The Monster Evil
Policing and Violence in Victorian Liverpool
John E. Archer
Dr John E. Archer is an Honorary Research Fellow, Edge Hill University and Fellow of the Royal Historical Society.
List of illustrations, figures and tables Preface Acknowledgements List of abbreviations Street map of Liverpool in the 1880s Part I. Liverpool 1. Liverpool and the taint of criminality 2. Liverpool: 'The most immoral of all immoral places' Part II. Policing the borough 3. ‘An army to check barbarism’: the policing of Liverpool 4. The community and the police: evidence, lies and violence Part III. Violent crime in Liverpool 5. The fighting Irish 6. The fist, the boot and the knife: male-on-male violence 7. The Liverpool cornermen, gangs and garrotting 8. Female savages and tippling viragoes: violent women 9. Women as victims of domestic and sexual violence 10. ‘A constant state of strife’: family violence 11. ‘Boy brigands’ and ‘young savages’: juvenile criminals and their young victims 12. ‘A most unmerciful beating’: adult violence to children 13. A conclusion. ‘Giving a dog a bad name’: Liverpool and its criminal reputation in the nineteenth century Appendix. Saturday night and Sunday morning: Hugh Shimmin's account of the Rosehill night shift Notes Bibliography General index Index of people Index of street names and places
The Monster Evil is the fruit of extensive research, and the first genuinely comprehensive treatment of violent crime in this period. Archer produces much more than a ‘case study’ of violence in Victorian England ; The Monster Evil is a powerful account, the likes of which local historians of crime would do well to imitate.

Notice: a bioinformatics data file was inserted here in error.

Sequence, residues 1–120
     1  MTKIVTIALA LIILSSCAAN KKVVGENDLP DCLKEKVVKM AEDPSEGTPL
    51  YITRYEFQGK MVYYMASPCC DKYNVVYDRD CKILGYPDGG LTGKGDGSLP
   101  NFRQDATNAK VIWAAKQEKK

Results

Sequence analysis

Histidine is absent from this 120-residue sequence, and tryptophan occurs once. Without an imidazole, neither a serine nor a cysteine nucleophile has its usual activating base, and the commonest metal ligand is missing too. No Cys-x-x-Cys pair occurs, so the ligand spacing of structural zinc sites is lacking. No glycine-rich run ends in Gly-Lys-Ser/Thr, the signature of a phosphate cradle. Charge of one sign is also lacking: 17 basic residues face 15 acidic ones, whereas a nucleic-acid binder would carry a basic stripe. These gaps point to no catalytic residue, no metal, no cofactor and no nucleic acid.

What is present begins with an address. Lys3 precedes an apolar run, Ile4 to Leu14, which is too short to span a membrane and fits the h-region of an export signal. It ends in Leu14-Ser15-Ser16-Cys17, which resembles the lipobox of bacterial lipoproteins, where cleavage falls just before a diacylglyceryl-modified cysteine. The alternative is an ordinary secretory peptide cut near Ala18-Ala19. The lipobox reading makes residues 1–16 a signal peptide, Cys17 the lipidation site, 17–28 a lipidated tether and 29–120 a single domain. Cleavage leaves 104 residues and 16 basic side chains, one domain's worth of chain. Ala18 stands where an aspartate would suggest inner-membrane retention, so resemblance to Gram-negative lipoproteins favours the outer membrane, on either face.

Crime, Histoire & Sociétés / Crime, History & Societies, Vol. 16, no 1
... the book is well written and perceptive. The accounts are often grim, but nonetheless fascinating, and the book should appeal to a wide audience.
Journal of British Studies, Vol. 51, No. 2
John Archer's study "The Monster Evil" is not so much a police history in a narrow sense but rather a history of violence. Archer reconstructs Liverpool's reputation as the criminal capital of Britain during the nineteenth century.
Victorian Liverpool had an unenviable reputation for violence. This book sets out to assess both the scale and variety of Liverpool’s violence, and the means by which it was policed. It has been exhaustively researched and is persuasively argued. It adds significantly to the wider knowledge of, and to the debates about the history of criminal violence and of policing. Finally, it might also be read usefully by contemporary politicians and media pundits.
Size: 239 × 163 mm
Publication: March 23, 2011